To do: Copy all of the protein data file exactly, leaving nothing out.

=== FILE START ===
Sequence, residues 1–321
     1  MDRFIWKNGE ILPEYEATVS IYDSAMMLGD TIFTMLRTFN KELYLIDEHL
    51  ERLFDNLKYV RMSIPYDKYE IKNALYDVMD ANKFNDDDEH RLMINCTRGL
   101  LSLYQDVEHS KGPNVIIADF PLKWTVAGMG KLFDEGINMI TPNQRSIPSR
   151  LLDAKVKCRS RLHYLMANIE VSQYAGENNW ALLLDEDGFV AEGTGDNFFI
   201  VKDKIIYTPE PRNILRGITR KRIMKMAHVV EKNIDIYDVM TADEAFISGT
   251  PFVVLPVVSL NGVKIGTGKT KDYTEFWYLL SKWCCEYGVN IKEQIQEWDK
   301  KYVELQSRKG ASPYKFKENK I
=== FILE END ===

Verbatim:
Sequence, residues 1–321
     1  MDRFIWKNGE ILPEYEATVS IYDSAMMLGD TIFTMLRTFN KELYLIDEHL
    51  ERLFDNLKYV RMSIPYDKYE IKNALYDVMD ANKFNDDDEH RLMINCTRGL
   101  LSLYQDVEHS KGPNVIIADF PLKWTVAGMG KLFDEGINMI TPNQRSIPSR
   151  LLDAKVKCRS RLHYLMANIE VSQYAGENNW ALLLDEDGFV AEGTGDNFFI
   201  VKDKIIYTPE PRNILRGITR KRIMKMAHVV EKNIDIYDVM TADEAFISGT
   251  PFVVLPVVSL NGVKIGTGKT KDYTEFWYLL SKWCCEYGVN IKEQIQEWDK
   301  KYVELQSRKG ASPYKFKENK I